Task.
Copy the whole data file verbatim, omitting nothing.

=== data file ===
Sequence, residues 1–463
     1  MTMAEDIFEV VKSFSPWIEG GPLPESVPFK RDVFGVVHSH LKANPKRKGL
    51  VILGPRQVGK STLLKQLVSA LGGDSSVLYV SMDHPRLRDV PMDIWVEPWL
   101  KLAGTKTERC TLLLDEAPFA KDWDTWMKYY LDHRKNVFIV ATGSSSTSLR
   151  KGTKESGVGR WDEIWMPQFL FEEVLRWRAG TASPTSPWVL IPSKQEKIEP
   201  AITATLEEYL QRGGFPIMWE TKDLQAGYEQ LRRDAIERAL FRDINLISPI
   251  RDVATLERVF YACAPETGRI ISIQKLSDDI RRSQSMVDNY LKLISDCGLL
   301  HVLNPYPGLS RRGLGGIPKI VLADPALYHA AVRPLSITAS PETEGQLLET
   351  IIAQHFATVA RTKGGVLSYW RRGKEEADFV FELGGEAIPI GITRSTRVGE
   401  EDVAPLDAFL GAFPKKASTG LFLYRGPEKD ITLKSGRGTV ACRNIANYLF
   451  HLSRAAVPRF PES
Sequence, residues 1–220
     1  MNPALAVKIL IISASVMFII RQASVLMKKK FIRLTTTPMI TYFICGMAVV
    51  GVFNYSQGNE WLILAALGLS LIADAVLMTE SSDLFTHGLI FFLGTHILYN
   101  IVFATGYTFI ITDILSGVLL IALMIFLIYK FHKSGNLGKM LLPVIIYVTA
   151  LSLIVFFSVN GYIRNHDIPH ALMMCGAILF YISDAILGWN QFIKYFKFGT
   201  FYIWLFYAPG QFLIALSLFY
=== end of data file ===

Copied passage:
Sequence, residues 1–463
     1  MTMAEDIFEV VKSFSPWIEG GPLPESVPFK RDVFGVVHSH LKANPKRKGL
    51  VILGPRQVGK STLLKQLVSA LGGDSSVLYV SMDHPRLRDV PMDIWVEPWL
   101  KLAGTKTERC TLLLDEAPFA KDWDTWMKYY LDHRKNVFIV ATGSSSTSLR
   151  KGTKESGVGR WDEIWMPQFL FEEVLRWRAG TASPTSPWVL IPSKQEKIEP
   201  AITATLEEYL QRGGFPIMWE TKDLQAGYEQ LRRDAIERAL FRDINLISPI
   251  RDVATLERVF YACAPETGRI ISIQKLSDDI RRSQSMVDNY LKLISDCGLL
   301  HVLNPYPGLS RRGLGGIPKI VLADPALYHA AVRPLSITAS PETEGQLLET
   351  IIAQHFATVA RTKGGVLSYW RRGKEEADFV FELGGEAIPI GITRSTRVGE
   401  EDVAPLDAFL GAFPKKASTG LFLYRGPEKD ITLKSGRGTV ACRNIANYLF
   451  HLSRAAVPRF PES
Sequence, residues 1–220
     1  MNPALAVKIL IISASVMFII RQASVLMKKK FIRLTTTPMI TYFICGMAVV
    51  GVFNYSQGNE WLILAALGLS LIADAVLMTE SSDLFTHGLI FFLGTHILYN
   101  IVFATGYTFI ITDILSGVLL IALMIFLIYK FHKSGNLGKM LLPVIIYVTA
   151  LSLIVFFSVN GYIRNHDIPH ALMMCGAILF YISDAILGWN QFIKYFKFGT
   201  FYIWLFYAPG QFLIALSLFY